Managing Self-Replicating Innovative Goods
Inspired by self-replicating 3D printers and innovative agricultural and husbandry goods, we study optimal production and sales policies for a manufacturer of self-replicating innovative goods with a focus on the unique “keep-or-sell” trade-off, namely whether a newly produced unit should be sold to satisfy demand and stimulate future demand or added to inventory to increase production capacity. We adopt the continuous-time optimal control framework and marry a self-replication model on the production side to the canonical innovation diffusion model on the demand side. By analyzing the model, we identify a condition that differentiates Strong and Weak Replicability regimes wherein production and sales respectively take priority over the other, and fully characterize their distinct optimal policies. These insights prove robust and helpful in several extensions, including backlogged demand, liquidity constraints, stochastic innovation diffusion, launch inventory decision, and exogenous demand. We also find that social marketing strategies are particularly well-suited for self-replicating innovative goods under Strong Replication.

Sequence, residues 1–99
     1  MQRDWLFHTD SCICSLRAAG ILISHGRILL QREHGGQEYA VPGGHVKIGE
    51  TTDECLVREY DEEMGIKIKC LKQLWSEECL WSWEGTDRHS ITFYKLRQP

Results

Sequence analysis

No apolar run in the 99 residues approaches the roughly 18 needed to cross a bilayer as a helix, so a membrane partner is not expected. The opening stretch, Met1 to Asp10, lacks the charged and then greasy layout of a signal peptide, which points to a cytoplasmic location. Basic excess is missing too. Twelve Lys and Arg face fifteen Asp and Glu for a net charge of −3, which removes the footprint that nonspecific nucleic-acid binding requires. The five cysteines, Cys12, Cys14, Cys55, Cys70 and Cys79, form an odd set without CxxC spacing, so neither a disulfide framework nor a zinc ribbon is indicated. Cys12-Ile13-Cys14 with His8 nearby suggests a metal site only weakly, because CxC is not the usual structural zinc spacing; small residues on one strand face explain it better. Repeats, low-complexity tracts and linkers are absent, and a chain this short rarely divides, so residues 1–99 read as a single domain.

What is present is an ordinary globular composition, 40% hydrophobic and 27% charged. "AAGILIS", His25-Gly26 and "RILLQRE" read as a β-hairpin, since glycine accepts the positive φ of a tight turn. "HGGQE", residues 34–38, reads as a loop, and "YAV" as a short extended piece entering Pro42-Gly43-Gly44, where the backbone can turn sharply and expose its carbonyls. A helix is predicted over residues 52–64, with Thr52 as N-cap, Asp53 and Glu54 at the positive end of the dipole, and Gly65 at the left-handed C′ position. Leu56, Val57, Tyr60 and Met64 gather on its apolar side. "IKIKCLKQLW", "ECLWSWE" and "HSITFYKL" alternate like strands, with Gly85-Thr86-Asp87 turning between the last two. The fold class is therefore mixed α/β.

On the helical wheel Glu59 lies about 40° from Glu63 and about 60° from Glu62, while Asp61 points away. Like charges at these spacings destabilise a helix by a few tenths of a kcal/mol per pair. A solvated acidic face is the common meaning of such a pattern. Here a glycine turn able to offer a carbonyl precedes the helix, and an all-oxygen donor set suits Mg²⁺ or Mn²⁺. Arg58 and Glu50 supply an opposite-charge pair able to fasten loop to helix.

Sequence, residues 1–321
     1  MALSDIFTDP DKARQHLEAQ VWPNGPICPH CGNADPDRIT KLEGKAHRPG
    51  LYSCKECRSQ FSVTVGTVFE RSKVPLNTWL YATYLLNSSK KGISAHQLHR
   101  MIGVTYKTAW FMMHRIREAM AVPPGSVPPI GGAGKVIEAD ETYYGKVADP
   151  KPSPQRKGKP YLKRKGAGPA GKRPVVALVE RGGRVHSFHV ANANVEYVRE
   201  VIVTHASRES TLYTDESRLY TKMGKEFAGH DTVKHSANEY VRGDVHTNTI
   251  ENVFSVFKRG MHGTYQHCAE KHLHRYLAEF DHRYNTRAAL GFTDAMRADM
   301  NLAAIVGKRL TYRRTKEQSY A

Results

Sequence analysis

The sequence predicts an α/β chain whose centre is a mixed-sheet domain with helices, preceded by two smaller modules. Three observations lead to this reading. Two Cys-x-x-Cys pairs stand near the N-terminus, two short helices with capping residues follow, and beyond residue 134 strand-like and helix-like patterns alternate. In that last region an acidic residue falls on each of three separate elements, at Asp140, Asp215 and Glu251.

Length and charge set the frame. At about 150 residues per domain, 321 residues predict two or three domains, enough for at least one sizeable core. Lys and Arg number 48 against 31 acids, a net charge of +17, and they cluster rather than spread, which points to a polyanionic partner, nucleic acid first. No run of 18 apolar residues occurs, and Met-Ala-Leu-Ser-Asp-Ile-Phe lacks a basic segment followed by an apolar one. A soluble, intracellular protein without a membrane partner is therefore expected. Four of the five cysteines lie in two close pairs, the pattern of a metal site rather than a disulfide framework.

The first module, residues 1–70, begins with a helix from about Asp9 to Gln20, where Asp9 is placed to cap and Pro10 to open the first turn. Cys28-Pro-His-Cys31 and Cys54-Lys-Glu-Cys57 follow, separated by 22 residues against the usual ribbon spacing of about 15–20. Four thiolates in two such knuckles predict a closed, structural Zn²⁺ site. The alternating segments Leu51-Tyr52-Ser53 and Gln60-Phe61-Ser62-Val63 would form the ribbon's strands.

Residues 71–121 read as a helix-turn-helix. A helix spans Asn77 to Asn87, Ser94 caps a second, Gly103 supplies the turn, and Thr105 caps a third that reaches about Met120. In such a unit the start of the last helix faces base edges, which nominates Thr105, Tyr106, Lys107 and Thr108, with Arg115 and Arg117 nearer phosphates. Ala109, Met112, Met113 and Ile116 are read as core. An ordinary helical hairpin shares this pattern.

Keywords: Innovation Diffusion, Bass Model, Optimal Control, Production Planning, Inventory Management